It happens to all of us. We anticipate a major shooting event for months, stalk the sign-up link so we can click SUBMIT at one second past the designated hour, fill our social media feeds with “Oh man, I’m so excited for this event in 97 days!”, make our travel plans, clean our guns, and practice practice practice. When the event finally arrives, we pack our bags, drive 1000 miles, and lay wide-eyed and wide awake in our hotel room bed like a kid waiting for Santa to arrive.
We have prepared. We are ready. We are really stinking EXCITED! Then why does it seem that the moment the buzzer goes off our ability to shoot like a ninja instantly transforms into the ability to shoot like a moron?
If you’ve ever suffered from match day performance that doesn’t match your skill level on the practice range, the issue is probably mental. Match day stress can hinder the success of even the best shooters. Here are five stress-related challenges to solid match day performance:
- External distractions. Match day is not the day to be worrying about the kids, answering work emails, or eyeing that cute guy on the next squad over. The match is hard enough. Why waste your mental energy on distractions completely unrelated to the task at hand? Turn off your phone, trust that the babysitter isn’t letting the kids burn the house down, and talk to the cute guy when the match is over. Clear your mind of external distractions and just focus on your shooting.
- Internal expectations. Setting performance goals is a good thing. Goals help you continue improving as they provide you motivation and something to work towards. But when you become too focused on your goals, they can consume your thought process and leave you precious little mental energy for the actual shooting part. If not managed properly, setting goals and expectations for ourselves can lead to one of two negative outcomes: fear of failure, and even fear of success. Fear of failure is simple to understand; nobody likes working hard and performing poorly. It’s disappointing, and can sometimes be embarrassing. But fear of success is a different animal. Those who fear succeeding may be the ones who aren’t truly committed to their goals, because if they succeed, they will have to develop bigger harder goals that require more work. The sweet spot is somewhere in the middle – that place where you can push the envelope because you aren’t afraid to fail, but aren’t hindered by the looming prospect of the more challenging goal to follow.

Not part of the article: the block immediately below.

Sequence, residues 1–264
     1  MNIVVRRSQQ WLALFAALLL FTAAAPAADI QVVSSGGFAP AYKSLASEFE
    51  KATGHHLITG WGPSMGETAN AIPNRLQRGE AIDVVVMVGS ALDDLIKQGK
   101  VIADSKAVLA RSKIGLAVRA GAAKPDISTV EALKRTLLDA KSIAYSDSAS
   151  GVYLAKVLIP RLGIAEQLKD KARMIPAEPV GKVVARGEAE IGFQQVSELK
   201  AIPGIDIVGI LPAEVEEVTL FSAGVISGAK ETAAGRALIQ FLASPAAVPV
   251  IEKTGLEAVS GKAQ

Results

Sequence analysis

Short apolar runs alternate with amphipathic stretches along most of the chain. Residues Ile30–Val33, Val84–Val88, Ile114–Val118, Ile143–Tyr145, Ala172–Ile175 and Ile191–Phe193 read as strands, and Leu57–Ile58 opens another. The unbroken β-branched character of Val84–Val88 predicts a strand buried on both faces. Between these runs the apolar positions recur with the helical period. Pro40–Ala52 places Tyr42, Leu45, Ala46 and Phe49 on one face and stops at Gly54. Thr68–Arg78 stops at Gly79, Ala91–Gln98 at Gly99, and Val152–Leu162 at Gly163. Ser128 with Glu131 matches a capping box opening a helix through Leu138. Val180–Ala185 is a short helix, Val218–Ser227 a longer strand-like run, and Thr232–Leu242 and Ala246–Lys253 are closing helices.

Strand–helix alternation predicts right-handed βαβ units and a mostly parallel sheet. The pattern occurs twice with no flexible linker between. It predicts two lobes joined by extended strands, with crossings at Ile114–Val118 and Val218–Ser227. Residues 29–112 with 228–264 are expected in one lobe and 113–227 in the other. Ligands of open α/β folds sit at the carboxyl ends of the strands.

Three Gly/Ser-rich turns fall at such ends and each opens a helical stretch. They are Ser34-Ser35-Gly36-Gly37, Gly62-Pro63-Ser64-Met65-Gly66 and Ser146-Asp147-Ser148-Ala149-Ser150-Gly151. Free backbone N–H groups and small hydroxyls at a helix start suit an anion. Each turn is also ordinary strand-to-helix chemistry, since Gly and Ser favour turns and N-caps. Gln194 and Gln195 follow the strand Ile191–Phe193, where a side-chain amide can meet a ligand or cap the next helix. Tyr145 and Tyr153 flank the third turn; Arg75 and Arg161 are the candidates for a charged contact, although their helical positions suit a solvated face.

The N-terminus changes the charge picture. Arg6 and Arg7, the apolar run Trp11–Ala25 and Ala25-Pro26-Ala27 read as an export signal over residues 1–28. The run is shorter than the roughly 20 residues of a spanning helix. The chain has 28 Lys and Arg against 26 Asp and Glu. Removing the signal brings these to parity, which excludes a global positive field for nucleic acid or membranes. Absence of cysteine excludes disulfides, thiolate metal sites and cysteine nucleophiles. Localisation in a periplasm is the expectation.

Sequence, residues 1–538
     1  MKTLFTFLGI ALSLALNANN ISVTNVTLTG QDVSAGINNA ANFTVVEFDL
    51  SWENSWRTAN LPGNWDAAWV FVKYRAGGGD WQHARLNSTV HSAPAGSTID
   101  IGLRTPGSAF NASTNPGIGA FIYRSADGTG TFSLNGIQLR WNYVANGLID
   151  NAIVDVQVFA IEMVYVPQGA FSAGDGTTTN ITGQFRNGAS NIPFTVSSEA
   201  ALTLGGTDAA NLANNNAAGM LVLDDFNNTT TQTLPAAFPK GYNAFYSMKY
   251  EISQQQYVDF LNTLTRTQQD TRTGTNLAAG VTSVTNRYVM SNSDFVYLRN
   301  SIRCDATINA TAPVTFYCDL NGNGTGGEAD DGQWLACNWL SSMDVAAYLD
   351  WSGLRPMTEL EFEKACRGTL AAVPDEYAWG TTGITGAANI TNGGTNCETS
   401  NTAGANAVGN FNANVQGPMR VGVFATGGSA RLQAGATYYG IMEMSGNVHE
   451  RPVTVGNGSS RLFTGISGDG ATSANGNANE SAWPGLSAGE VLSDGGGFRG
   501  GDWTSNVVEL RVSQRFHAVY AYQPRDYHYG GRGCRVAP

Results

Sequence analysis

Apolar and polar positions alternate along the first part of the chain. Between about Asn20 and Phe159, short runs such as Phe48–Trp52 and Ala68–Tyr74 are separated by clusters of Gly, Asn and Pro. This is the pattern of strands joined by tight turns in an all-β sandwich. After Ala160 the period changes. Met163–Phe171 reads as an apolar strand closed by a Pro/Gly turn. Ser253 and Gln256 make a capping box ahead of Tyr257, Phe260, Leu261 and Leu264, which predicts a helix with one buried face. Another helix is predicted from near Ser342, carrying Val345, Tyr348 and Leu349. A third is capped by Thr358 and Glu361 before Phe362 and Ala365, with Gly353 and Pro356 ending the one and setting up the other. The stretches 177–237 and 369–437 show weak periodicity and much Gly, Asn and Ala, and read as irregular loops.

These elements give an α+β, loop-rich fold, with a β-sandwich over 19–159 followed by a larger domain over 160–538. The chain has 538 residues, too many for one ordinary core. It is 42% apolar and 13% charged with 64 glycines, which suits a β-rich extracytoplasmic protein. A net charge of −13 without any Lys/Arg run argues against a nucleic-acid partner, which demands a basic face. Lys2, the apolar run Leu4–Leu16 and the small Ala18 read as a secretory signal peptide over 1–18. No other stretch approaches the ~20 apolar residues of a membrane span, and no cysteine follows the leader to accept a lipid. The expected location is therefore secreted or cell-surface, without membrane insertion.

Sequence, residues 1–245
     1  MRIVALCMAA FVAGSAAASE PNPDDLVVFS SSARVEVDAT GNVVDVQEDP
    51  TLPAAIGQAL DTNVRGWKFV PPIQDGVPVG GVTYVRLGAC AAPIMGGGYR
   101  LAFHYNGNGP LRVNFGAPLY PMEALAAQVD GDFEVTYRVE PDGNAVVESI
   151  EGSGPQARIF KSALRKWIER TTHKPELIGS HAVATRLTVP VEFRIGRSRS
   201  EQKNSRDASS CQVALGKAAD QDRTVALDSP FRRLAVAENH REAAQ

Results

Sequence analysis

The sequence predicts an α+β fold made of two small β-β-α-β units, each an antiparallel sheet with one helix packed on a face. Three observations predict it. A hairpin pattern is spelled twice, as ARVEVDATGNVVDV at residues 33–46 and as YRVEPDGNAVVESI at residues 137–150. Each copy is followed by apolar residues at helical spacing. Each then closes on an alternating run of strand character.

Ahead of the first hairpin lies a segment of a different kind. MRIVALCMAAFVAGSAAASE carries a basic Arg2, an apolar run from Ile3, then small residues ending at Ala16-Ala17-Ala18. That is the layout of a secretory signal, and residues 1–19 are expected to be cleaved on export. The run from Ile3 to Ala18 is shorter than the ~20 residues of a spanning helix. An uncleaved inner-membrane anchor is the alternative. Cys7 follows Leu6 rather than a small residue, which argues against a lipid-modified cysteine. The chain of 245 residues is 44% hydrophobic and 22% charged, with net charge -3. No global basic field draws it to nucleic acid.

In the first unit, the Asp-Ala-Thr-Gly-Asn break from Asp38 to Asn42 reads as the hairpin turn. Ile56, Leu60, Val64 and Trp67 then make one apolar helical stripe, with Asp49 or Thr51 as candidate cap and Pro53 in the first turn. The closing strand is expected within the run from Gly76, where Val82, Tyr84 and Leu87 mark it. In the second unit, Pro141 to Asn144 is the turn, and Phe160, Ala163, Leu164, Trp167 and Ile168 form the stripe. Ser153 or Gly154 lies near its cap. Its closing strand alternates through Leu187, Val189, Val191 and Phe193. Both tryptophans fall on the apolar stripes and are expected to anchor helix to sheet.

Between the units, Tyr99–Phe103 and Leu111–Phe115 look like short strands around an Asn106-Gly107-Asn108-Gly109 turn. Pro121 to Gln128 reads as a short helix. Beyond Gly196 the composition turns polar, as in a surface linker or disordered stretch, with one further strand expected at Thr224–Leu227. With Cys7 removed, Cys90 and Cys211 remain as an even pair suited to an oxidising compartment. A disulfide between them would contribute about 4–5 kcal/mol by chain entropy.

- Fatigue. You know those 1000 miles you drove yesterday? They’re wearing on you today. And those hours you spent in bed last night tossing and turning in eager anticipation? You’re paying for that right now. Simply being tired can degrade your match performance both physically and mentally. Physically, you’ll be moving more slowly. Mentally, you won’t be seeing your sights as quickly, and may also make poor decisions in the middle of a stage. If possible, don’t try to drive 12 hours the day before the match. Leave an extra day early and break up the drive or catch an earlier flight to allow yourself time to rest and relax when you reach your destination. As much as you want to stay out late with your long-lost range friends, go to bed early the night before the match starts. You’ll thank yourself the next day when your mind and body are sharper.
- Inexperience. It’s possible that your match day performance suffers because you simply haven’t shot a lot of matches. Practice sessions are good, and you can do a lot on the practice range to prepare for game day, but there’s just no substitute for actual match experience. Even after six years of competitive shooting, match directors still find ways to catch me off-guard; however, I’ve now built up a significant mental database of experience from which I can draw when facing a new situation. Be patient with yourself, as this experience can only be gained over time. In the meantime, devote at least a little time during each practice session to working on unique or uncomfortable skills and positions. This will help eliminate some of the stress of being faced with completely new circumstances on match day.
- Lack of confidence. This may sound all warm and fuzzy, but you have to believe you will perform well in order to shoot your best. There’s actually a lot of science behind it, and there are a number of books available on improving your mental game. But the fact of the matter is you will perform exactly how you think you will shoot. If you visualize yourself having the best match of your life, chances are you’ll have a much better performance than if you focus on all the things you did wrong at your last match. If you’re not confident in your skills, then your performance will reflect that.